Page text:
Sir James Mirrlees, a Nobel prize winning economist who sits on Scotland’s Council of Economic Advisers, reckons that the degree of integration between the two economies guarantees them against asymmetric shocks, and therefore the likelihood of the larger country having to bail out the smaller one. Well perhaps, but Nobel prize winner or not, I’m not inclined to trust the word of an economist who at a recent conference quite seriously endorsed the completely bonkers idea of a top marginal rate of income tax of 100 per cent, this on the grounds that some people will continue to work regardless.
But of course Sir James is a neoliberal who also insists that corporation tax should be abolished and that income from capital should be taxed at a lower rate than that from labour. Even to the extent that all savings and all income from savings should be entirely untaxed: only that money that is spent on consumption should be taxed (ie, a progressive consumption tax).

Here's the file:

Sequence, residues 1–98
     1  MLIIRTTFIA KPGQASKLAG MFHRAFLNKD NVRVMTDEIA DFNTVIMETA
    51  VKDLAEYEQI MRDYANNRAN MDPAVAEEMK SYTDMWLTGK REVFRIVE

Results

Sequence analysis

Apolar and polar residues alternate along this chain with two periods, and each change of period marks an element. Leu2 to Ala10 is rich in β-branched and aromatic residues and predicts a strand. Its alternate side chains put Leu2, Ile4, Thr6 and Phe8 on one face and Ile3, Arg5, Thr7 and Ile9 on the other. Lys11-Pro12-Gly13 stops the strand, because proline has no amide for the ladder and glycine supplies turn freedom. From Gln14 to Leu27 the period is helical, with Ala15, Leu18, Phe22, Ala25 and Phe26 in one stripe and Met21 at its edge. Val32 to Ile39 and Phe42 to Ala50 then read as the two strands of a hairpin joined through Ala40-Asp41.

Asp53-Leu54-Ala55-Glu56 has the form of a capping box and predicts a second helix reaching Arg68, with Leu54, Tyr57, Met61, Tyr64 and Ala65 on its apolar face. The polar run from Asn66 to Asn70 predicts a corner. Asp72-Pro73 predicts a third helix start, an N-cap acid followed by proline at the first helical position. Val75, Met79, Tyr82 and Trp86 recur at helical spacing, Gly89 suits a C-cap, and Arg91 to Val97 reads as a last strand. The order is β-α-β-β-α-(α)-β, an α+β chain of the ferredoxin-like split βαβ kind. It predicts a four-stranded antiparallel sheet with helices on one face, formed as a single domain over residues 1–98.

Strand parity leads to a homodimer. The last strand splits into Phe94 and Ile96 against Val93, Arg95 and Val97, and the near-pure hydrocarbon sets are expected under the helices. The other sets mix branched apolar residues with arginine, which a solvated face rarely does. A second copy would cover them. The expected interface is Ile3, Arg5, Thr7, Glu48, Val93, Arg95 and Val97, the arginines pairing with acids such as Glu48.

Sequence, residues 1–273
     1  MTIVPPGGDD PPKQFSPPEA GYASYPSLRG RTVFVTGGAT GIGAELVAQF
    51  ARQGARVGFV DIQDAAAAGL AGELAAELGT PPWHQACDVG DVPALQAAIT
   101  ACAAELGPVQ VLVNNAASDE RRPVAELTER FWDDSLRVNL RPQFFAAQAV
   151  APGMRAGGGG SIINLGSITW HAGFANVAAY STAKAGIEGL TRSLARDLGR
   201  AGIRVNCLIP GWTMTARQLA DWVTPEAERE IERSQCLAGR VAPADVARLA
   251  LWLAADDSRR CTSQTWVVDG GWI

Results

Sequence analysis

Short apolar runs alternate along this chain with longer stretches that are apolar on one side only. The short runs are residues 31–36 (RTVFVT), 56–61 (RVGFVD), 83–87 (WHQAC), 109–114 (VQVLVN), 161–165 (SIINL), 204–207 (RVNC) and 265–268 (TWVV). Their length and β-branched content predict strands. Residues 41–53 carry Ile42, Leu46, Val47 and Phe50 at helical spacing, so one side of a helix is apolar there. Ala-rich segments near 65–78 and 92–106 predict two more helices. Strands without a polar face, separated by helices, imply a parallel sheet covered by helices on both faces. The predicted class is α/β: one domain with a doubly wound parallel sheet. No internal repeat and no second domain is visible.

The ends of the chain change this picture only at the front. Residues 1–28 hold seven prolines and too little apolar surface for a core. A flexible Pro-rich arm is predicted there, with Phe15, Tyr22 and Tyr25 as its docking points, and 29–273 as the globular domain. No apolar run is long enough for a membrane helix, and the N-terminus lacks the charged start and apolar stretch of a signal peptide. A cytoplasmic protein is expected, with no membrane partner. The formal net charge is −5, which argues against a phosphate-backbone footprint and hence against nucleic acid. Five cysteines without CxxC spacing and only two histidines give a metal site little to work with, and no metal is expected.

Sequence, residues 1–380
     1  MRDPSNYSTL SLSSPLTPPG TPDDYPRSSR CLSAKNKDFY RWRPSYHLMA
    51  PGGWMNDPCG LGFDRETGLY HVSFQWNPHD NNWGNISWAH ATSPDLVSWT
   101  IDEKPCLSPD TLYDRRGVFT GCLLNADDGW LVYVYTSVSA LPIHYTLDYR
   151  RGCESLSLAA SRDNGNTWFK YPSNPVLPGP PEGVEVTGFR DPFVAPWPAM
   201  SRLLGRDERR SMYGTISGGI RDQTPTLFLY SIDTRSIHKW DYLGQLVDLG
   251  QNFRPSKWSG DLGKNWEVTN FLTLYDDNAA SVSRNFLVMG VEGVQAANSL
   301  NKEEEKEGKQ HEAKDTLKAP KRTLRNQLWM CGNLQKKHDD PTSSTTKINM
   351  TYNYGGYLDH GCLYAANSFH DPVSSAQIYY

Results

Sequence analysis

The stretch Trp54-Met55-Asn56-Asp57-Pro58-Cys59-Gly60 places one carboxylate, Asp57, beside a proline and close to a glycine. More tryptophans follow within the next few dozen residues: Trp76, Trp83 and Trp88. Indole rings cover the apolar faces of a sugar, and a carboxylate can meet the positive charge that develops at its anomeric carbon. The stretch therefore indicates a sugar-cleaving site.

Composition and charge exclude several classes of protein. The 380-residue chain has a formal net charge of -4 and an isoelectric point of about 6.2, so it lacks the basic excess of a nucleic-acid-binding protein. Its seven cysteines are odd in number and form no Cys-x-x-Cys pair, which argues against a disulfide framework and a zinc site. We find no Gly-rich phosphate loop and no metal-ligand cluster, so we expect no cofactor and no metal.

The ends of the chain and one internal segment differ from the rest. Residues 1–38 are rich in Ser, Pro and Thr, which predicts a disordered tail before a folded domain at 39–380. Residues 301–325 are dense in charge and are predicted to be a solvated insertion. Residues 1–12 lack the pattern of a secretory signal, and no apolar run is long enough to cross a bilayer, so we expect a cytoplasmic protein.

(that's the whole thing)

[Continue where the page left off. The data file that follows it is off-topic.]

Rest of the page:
So while he might like some of the man’s views it’s most unlikely that he would accept them all.